The average American who is prescribed medication has more enemies than allies. Pharmaceutical companies are cashing in on addiction and few politicians and officials are trying to stop greed and preventable death from overdose. Prescription drugs are killing 44 people every day and show no signs of declining. Prescription drug overdose is the top cause of accidental death in the United States; because 60 percent of Americans are prescribed at least one drug, changing this is nearly impossible. Opioids like OxyContin are a driving force in this epidemic leading to 19,000 of the 47,000 annual deaths related to prescription drug overdose in 2014, according to the American Society of Addiction Medicine’s most recent data. Sen. Elizabeth Warren (D-Mass.) is one of the drug-takers’ few allies. She recently sent a letter to the head of the Center for Disease Control calling for the government to consider legal marijuana as an alternative painkiller.
Ten years ago, this proposal would have been deemed ridiculous. But there’s proof that marijuana usage is a legitimate alternative, which could potentially reverse sky-high overdose death rates in the U.S. In 2014, the Journal of the American Medical Association published an article saying that “states with medical marijuana laws had a 24.8 percent lower average annual opioid overdose death rate compared to states without such laws.” But those debates will take place in the future; let’s take a second to focus on the past and how it impacts today’s alarming rates of prescription abuse.
What are the most abused prescription drugs?
The Sackler family, which owns Purdue Pharma, turned the most lethal and heavily prescribed painkiller into a controversial drug. This has earned them a net worth of $14 billion and a spot on the Forbes 2015 list of richest families in the U.S.
Thanks to the free market system, a highly successful and profitable pill like OxyContin is so addictive, the second most abused prescription drug in the U.S. is the one prescribed to treat addiction to opioids like OxyContin. The company Reckitt Benckiser spent their early years lobbying the U.S. government to enact the Drug Addiction Treatment Act of 2002 and worked closely with the National Institute on Drug Abuse and FDA to lay the groundwork for their product which established a company now worth around $12.5 trillion. Coincidence? You tell me.
When Concerta was being studied for FDA approval, there were accusations that one of the doctors was lobbied to inaccurately report that there were no side effects to using the drug in 2004. In 2009, Concerta ran this high-profile ad claiming the drug will help kids get on a path to success. Six years later, the New York Times raised alarming questions and suggested that the national spikes in diagnoses were caused by effective marketing and advertisements. ADHD medication prescriptions have increased more than 600 percent since 1990.
Millions of people have been sleeping like a baby since this drug emerged in 1993. Fun fact: The two biggest high-profile cases around the drug’s ability to impair drivers were thanks to two Kennedys crashing their cars. Robert F. Kennedy’s daughter Kerry said the drug turned her into a “zombie,” but she was eventually found not guilty of driving under the influence in 2014. In 2006, the son of John F. Kennedy’s brother, Rep. Patrick Kennedy, also crashed his car after popping Ambien. In 2013, the FDA demanded that doctors lower their dosage to women because there were too many reports of women feeling drowsy the next morning and an increase in car accidents. Despite these demands and the incidents involving the Kennedys, the drug’s parent company, Sanofi, has been raking in around $36 billion in annual revenue with minimal distractions.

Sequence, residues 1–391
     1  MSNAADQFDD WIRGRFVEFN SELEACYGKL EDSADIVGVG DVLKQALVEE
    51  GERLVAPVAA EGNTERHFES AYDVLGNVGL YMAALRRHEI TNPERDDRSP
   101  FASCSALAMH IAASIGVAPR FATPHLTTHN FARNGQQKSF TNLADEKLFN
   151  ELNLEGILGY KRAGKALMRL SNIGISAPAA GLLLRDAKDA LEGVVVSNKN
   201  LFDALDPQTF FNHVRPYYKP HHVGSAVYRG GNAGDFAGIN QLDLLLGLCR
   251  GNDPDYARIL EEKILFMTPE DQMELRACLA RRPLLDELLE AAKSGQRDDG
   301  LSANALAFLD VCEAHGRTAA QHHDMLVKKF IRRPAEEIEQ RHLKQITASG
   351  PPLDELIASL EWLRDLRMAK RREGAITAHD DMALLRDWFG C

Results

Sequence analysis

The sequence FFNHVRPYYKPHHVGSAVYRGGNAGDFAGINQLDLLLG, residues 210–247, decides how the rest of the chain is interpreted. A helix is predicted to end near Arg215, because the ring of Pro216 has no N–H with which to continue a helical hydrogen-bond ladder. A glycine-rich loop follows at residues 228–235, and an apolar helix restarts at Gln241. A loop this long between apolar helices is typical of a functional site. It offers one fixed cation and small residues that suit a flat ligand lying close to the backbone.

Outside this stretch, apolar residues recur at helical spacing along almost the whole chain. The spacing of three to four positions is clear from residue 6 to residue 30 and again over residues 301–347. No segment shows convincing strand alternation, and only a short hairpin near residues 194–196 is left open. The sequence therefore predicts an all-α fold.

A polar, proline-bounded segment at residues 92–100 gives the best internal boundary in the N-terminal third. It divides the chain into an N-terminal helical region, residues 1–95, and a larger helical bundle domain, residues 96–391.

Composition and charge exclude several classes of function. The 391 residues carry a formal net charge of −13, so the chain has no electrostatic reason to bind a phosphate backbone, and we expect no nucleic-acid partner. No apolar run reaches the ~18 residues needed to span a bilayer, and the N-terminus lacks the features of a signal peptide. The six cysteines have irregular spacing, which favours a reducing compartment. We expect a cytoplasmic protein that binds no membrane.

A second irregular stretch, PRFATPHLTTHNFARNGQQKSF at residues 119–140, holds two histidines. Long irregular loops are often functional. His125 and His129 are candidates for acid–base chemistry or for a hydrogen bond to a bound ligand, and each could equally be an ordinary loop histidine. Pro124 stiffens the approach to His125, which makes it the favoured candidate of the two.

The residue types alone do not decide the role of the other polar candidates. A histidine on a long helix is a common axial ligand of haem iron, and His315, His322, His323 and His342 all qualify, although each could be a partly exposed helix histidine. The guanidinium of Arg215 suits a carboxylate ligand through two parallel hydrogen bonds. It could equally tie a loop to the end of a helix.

5. Ritalin/Focalin (methylphenidate)
The U.S. accounts for more the 80 percent of global consumption of methylphenidate which is sold as Ritalin. In 2013, the New York Times reported that the “sales of stimulants to treat ADHD have more than doubled to $9 billion in 2012 from $4 billion in 2007, according to the health care information company IMS Health.” When pharmaceutical companies, doctors, psychiatrists, and the FDA all believe that one in five high school boys have ADHD, it should be no surprise that profits are in the billions. In one of the most underrated marketing accomplishments of all time, advertisements literally convinced millions of American families to look into ADHD and prescription drugs. Remember the Seckler family that owns Purdue Pharma and has a net worth of $14 billion? That same family-owned business settled complaints that they encouraged physicians to overprescribe OxyContin. Paying $19.5 million in settlements can’t stop greed. It’s unclear how many preventable deaths are to blame for the absurd levels at which American doctors have prescribed these five drugs. There are dozens of others being abused that have not been mentioned here, but American prescription drug consumers need more allies than enemies. For now, that’s just a pipe dream.